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October 20, 2008
To me, the best part of being a journalist is that sometimes my preconceived notions get thrown to the wind in the process of researching an article. After interviewing about two dozen experts for a feature I'm writing on vaccines, I've come to question the wisdom of the new government recommendation that all children be vaccinated against the flu. Let me state this in bold face: I am very much pro-vaccines. My three children were all vaccinated on the recommended schedule and got their chicken pox boosters at their last checkups. But I opted not to give them the flu vaccine.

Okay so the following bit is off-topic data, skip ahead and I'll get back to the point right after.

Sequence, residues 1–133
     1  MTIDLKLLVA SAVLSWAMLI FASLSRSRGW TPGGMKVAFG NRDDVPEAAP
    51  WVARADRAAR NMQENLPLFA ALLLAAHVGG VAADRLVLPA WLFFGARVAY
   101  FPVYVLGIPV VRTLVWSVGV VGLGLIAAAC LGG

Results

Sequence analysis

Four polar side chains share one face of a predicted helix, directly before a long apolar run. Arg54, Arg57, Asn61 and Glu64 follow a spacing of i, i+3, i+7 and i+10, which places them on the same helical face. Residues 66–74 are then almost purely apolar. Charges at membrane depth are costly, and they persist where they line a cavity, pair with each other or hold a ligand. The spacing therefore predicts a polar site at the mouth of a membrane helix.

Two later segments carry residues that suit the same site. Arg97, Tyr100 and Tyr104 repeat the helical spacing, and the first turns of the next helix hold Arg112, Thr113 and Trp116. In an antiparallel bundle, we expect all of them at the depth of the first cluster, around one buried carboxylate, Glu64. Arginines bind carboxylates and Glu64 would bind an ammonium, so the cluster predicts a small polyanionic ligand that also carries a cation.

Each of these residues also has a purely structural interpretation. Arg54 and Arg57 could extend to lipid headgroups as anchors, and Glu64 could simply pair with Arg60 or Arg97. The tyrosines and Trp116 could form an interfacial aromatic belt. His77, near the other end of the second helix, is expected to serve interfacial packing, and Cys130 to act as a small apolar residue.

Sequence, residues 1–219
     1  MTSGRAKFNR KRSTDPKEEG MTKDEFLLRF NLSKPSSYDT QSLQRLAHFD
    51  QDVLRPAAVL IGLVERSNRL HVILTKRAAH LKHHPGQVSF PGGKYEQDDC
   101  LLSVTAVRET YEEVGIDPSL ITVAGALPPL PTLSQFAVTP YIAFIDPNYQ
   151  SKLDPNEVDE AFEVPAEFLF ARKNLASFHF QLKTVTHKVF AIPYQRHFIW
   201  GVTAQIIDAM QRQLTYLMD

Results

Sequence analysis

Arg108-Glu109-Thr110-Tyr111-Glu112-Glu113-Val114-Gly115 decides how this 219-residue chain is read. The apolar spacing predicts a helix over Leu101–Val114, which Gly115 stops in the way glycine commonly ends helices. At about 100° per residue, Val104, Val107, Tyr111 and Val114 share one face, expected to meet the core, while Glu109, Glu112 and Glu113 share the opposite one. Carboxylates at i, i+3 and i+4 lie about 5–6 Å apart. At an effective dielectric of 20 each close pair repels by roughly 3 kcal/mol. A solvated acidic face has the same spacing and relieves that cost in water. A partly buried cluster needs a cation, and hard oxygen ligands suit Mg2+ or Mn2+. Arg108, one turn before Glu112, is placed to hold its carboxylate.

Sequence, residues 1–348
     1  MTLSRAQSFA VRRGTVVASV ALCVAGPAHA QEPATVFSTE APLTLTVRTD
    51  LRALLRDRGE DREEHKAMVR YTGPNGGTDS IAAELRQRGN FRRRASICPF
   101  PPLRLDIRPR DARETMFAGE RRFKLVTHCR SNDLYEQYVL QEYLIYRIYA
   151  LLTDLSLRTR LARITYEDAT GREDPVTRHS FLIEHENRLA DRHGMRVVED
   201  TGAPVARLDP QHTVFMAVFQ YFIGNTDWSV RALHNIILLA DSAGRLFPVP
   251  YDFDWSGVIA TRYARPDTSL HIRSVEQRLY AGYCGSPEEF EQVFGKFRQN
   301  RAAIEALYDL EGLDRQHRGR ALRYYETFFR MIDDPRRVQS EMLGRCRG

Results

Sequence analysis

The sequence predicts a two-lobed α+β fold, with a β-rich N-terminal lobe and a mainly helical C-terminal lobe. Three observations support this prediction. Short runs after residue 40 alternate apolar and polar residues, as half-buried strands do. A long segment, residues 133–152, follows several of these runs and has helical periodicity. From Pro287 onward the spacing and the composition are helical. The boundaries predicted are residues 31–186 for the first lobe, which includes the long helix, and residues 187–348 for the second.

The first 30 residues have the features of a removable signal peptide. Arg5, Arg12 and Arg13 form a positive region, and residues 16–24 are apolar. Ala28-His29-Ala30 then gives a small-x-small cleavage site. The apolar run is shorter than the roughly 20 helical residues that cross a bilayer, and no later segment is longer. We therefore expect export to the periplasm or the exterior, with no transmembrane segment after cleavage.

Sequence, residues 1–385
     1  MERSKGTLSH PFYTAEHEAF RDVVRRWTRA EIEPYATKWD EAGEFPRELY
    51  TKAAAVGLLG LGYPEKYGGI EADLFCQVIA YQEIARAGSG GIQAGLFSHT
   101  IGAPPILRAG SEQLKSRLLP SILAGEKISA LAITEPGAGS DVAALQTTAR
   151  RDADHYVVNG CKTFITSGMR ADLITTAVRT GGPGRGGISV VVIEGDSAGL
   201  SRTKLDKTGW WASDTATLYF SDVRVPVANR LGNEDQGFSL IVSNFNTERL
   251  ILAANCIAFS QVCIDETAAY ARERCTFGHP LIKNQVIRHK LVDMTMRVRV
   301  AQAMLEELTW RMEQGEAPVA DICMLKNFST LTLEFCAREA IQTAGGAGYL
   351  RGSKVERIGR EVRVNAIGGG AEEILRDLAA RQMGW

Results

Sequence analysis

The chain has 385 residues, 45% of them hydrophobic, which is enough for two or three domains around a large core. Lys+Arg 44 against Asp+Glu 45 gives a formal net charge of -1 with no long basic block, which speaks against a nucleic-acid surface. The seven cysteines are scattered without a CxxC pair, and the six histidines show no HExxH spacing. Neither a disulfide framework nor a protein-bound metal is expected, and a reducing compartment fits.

That's because whereas I once viewed all vaccines as 100 percent risk free and completely necessary, I now see them as akin to very safe medicines. They have saved countless lives, but they're not without their risks. This more complex message often gets lost in the push to get kids vaccinated, because public health officials are justifiably fearful that any talk of risks will turn parents off to vaccinations.